Two Poems by Melissa M. Frye

These two poems by Melissa M. Frye tenderly explore specific moments when naiveté falls away and reality is acknowledged…

by: Melissa M. Frye

On the Bank of the White River

I can’t remember how I came to stand before you, 
or when you took my hand, but I know the river

witnessed our togetherness as it wended downstream.
A cool evening breeze dismissed the sultry heat

as Robert Plant’s In the Mood spilled from a nearby car. 
Moonshine and shadow slipped through the canopy

of leaves casting shapes on the ground that flickered
like an old silent film. When we kissed, I realized

how easy it is to drown, breath stolen, warm current
urging me to slip below the surface. But you kept me afloat,

at once a tempter and savior. I don’t make light
of the boundaries we didn’t cross, nor the blurred 

edge on which we stood. Those hours, sharing a small
space in the open air, remain untarnished.
A Moment in the Sun
Mom and I stand in the warm afternoon sun
and admire our small, freshly planted garden; 

we imagine lush plants peppered with peppers, 
vines laden with cucumbers. In a voice brimmed 

with astonishment she says, Missy! How gray 
your hair is. I whirl to face her, touch the offensive 

strands with dirty fingers and wonder, has she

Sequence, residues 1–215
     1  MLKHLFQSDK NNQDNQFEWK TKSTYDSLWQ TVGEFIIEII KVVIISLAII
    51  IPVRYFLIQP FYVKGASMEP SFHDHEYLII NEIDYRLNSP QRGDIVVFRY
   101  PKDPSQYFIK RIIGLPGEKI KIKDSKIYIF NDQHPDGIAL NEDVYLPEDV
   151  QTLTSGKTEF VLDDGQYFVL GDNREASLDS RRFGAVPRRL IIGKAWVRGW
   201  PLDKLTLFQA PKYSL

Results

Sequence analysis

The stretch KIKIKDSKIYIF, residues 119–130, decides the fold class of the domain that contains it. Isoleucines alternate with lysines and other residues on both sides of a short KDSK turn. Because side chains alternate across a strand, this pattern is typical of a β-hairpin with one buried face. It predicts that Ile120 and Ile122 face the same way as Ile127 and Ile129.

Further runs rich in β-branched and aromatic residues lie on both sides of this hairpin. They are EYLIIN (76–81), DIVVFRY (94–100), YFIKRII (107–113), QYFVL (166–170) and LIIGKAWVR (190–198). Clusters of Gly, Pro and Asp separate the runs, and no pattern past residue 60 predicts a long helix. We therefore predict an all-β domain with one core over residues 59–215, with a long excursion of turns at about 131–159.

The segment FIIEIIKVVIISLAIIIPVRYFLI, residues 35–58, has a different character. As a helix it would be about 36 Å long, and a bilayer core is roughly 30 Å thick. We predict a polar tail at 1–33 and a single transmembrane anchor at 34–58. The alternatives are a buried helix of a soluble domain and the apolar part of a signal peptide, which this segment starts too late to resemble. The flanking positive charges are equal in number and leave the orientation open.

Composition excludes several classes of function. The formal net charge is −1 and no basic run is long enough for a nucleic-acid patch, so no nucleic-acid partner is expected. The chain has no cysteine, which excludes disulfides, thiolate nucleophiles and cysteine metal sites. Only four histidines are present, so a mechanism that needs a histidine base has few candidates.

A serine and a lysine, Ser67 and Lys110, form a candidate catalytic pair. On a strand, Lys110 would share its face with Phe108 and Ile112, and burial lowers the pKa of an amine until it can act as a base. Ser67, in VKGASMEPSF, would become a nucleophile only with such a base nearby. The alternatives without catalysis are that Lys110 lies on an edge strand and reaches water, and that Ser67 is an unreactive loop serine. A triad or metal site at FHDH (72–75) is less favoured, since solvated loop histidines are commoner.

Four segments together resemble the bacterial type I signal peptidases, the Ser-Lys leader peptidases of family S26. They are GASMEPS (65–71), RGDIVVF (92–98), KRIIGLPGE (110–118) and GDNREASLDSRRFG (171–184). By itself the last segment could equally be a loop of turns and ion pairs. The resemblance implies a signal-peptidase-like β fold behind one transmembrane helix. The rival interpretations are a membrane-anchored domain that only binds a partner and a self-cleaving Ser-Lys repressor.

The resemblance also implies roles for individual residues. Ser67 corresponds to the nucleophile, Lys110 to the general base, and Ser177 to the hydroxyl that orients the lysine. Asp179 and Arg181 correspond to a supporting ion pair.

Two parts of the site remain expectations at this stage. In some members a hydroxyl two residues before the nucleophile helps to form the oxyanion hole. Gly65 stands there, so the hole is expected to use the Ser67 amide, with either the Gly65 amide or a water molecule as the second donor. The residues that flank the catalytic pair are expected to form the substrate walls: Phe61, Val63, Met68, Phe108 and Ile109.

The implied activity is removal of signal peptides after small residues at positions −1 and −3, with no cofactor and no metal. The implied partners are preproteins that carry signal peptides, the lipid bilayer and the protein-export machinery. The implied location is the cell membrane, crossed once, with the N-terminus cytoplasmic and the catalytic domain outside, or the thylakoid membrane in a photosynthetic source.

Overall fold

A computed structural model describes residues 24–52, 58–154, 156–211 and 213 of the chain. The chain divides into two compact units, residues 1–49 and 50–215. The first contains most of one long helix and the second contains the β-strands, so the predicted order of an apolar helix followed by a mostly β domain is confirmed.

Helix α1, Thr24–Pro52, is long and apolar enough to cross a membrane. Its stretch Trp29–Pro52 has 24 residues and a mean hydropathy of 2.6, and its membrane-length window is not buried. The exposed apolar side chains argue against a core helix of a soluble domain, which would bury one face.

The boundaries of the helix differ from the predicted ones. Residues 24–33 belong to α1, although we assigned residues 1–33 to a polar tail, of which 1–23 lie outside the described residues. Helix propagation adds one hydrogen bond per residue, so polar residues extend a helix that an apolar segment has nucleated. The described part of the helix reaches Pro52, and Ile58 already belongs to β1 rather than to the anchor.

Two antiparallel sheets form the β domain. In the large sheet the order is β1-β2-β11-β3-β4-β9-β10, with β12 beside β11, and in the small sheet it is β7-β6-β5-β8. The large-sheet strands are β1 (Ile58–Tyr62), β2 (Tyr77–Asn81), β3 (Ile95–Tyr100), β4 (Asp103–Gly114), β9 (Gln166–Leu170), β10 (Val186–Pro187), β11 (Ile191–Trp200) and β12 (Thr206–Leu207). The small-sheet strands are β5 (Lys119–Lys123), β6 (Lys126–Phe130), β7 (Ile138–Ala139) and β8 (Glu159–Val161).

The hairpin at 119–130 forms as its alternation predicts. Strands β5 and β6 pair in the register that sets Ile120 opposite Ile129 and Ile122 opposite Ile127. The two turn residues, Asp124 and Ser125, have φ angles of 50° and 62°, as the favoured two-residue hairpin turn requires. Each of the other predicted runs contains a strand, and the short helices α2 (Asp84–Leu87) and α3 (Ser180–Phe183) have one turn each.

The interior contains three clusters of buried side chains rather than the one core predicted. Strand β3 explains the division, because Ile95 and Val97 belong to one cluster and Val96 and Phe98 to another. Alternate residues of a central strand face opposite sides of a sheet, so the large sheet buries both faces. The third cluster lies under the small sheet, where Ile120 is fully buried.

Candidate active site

just now noticed? A study of her sunlit face 

brings acceptance. Her brownish age spots 
and ill-fitting skin are reflections of age. 

Most of the time, an image of mom in her youth 
is superimposed over the aged woman, a fusion 

of past and present. Maybe she sees me as a similar 
mixture, child and adult. Together we move through 

thresholds, beginning after beginning, comfortable 
in familiarity, never anticipating a locked door 

or an end. She stands next to me. We're awash in sunlight. 
And I realize, this moment is fleeting, its weight heavy.

Arkansas native, Melissa M. Frye, is an award-winning poet whose work is featured or forthcoming in Agape Review, the Mid/South Anthology from Belle Point Press and Star 82 Review. She’s a proud caller of Hogs (Razorbacks, of course), adores Dean Martin, and dislikes squirrels.

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